On Monday, October 15th 2007, more than 300 police carried out dawn raids on dozens of houses all over Aotearoa / New Zealand. Police claim the raids were in response to 'concrete terrorist threats' from indigenous activists. What initially started with 20 defendants resulted in the trial of four - Taame, Emily, Rangi and Urs - which concluded on 20 March 2012.
The trial lasted for 5 weeks and resulted in a hung jury on the most serious charge of 'participation in an organised criminal group' (Sec 98a of the Crimes Act). The crown has decided not to seek a retrial on this charge. On 24 May, the four were sentenced on firearms charges. Taame and Rangi have been sentenced to a term of imprisonment of 2.5 years. The sentence for Urs and Emily is 9 months home detention; their sentencing began on 22 June.
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See the legal page for more details about the court case.
On 28 August 2012, the Court of Appeal issued a judgment on the second bail applicationof Tame Iti and Rangi Kemara, two of the 'Urewera 4' who were jailed for 2.5 years for firearms convictions on 24 May this year. The Court denied their application for bail.
The substantive decision of the Court of Appeal on both the convictions and the sentences for all four people - Tame, Rangi, Urs and Emily - is still forthcoming.
Tame and Rangi first applied for bail in early July in advance of the appeal date. This decision took two weeks, and ultimately the court denied them bail.
In the judgement issued today, the court says: 'The onus is on the applicants to “show cause” why bail should be granted.4 Further, s 14(1) (of the Bail Act) provides that:
There is no date for the release of the substantive judgement.
The basis of the appeal on conviction relates to the use of illegally gathered evidence which formed the substantive part of the crown's case, whether the 'objective' of an organised criminal group can be said to exist if it is contigent on the failure of another objective and with no specified period of time contemplated for its implementation - and the resulting implications of the judge's direction on this in respect of the firearms charges, and the cultural context of the area in which gun ownership is commonplace.
The basis on the appeal on sentencing primarily relates to the judge's remarks, both at the time of summing up to the jury and at the sentencing. The Court of Appeal ruling today in relation to bail said,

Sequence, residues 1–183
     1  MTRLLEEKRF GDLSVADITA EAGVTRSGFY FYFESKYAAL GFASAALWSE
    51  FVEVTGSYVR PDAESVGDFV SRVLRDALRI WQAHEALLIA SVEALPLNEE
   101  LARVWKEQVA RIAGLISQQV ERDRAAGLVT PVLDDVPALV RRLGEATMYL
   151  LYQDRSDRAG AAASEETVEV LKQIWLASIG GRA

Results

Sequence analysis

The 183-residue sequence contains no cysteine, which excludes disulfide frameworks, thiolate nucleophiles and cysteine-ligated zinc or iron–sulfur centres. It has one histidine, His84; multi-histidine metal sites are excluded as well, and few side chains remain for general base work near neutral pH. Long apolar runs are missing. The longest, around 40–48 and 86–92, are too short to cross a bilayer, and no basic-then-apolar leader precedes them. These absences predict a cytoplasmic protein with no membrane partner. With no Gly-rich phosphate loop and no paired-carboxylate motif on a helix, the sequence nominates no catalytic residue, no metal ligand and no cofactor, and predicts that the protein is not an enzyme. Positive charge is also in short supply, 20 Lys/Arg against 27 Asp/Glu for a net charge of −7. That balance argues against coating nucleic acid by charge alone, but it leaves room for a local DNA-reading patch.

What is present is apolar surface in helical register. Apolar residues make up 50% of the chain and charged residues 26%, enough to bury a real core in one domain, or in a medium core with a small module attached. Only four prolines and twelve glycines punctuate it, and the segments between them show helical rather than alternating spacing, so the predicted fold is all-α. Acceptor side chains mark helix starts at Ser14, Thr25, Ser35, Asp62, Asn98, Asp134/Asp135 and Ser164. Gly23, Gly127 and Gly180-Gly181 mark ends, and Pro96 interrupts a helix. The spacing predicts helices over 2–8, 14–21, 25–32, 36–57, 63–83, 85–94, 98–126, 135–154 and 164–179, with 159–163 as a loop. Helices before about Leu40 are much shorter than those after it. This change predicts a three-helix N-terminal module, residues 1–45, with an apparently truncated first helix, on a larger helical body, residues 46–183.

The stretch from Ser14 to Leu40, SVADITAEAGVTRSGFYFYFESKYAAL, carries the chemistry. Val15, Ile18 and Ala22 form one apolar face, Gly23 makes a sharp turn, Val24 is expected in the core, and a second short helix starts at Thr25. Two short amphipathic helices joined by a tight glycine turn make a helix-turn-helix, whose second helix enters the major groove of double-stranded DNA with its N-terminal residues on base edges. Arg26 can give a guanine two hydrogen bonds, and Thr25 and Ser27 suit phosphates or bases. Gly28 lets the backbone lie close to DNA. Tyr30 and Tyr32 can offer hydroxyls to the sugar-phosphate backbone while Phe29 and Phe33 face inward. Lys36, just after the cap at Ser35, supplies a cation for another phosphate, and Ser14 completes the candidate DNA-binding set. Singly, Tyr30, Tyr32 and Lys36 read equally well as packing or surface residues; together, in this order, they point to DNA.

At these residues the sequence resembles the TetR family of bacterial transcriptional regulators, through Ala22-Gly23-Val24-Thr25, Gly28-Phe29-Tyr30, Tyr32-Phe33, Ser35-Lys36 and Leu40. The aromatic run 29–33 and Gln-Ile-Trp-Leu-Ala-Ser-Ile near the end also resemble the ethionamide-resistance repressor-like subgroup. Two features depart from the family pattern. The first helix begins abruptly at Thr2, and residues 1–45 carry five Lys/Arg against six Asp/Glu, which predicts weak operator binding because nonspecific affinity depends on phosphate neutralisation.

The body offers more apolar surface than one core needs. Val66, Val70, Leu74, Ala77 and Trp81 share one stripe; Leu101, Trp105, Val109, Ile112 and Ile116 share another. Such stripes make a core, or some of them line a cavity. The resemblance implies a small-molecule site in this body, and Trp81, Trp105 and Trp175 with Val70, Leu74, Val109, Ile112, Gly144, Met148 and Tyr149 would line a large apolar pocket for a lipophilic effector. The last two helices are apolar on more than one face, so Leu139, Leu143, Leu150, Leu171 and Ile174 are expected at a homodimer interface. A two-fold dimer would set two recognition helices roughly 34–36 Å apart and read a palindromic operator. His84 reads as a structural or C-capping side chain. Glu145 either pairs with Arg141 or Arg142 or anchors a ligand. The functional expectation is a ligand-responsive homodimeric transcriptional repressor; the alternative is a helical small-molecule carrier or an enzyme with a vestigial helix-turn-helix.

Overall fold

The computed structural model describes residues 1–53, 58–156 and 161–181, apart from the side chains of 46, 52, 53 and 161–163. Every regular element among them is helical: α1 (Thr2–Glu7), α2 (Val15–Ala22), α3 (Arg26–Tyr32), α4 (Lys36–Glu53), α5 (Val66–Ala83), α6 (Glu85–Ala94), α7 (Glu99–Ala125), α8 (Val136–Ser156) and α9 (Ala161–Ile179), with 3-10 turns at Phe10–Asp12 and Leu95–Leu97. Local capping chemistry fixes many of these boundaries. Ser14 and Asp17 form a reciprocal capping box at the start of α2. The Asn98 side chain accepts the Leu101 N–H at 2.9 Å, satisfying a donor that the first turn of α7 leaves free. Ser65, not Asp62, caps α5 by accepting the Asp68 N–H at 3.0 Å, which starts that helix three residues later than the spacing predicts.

If this comment is suggestive of the Court's ultimate decision yet to come, it is not a positive sign.
The defendants do have the ability to appeal to the Supreme Court depending on the outcome. After the five-year long saga of Operation 8, the only thing that is clear is that an end is not yet in sight.
Urgent legal funding required – An appeal from October 15th Solidarity
Kia ora supporters, friends and whanau,
Funding is urgently required to assist with legal costs for Taame Iti and Rangi Kemara’s appeal to the Court of Appeal. We need your help!
Justice requires that both the firearms convictions and prison sentences be appealed and overturned. Operation 8 was an attack by the crown and police on Tuhoe aspirations for sovereignty and on Maori desires for a genuine realisation of tino rangatiratanga. It will be forever remembered as another crown invasion.
All donations can be made to:
Te Kotahi a Tuhoe 12-3253-0032178-01
Free The Moko - Artists and Musicians Collaborate To Support Families of Tame Iti & Rangi Kemara
Established conscious artists and musicians from Aotearoa/NZ and the world have joined together to speak out against injustice and show their support for the families of Tame Iti and Rangikaiwhiria Kemara. Both men are incarcerated here in Aotearoa on “unlawful possession of firearms” charges with a disproportionate sentence of 2.5 years each.
Write to Taame and Rangi - letters addressed to Taame Iti or Te Rangikaiwhiria Kemara at
Te Rangikaiwhiria Kemara #80192504
Taame Iti #84563
Please feel free to send messages to Taame or Rangi via our facebook page or our email address firstname.lastname@example.org All posts and emails will be printed off and sent to them. Kia Ora
Media Release: Urewera police job a disgrace
‘It is revealing and disturbing that Inspector Bruce Good, head of the Urewera raids investigation said his police officers acted ‘professionally,’ and that if he were to do the case over, he wouldn’t ‘do anything differently’ said Annette Sykes, Urewera raids lawyer.
‘We do not consider ‘professional policing’ that which includes the systematic violation of the criminal law and Human Rights Act. The Supreme Court said in its ruling on the illegal police video evidence used in the Urewera 4 trial that:
The breach of s 21 entailed in the covert surveillance undertaken without lawful authority must be regarded as extremely serious when assessed against the rights breached. Covert surveillance is a substantial breach of the right to be let alone.
I regard it as a significantly exacerbating factor that the film surveillance was undertaken deliberately without legal authority, in the knowledge that there was no lawful investigatory technique available to be used.
In circumstances where the police officer in charge of the inquiry knew that there was no authority to be obtained for such filmed surveillance, the deliberate unlawfulness of the police conduct in the covert filming, maintained over many entries and over a period of some 10 months, is destructive of an effective and credible system of justice. ” (Chief Justice Sian Elias, Paragraphs 72 & 73 Supreme Court Decision 125 Hamed v. Queen)
“The criminal offending of the police has been determined to be more serious than any Arms Act offences of the people who were covertly filmed at the so-called ‘camps’ – that is why the charges against 13 people were dropped last year. Now that the crown has totally failed to sell their ‘criminal gang’ story to a jury, we demand that all of the firearms convictions against Tame Iti, Rangi Kemara, Urs Signer and Emily Bailey be thrown out immediately.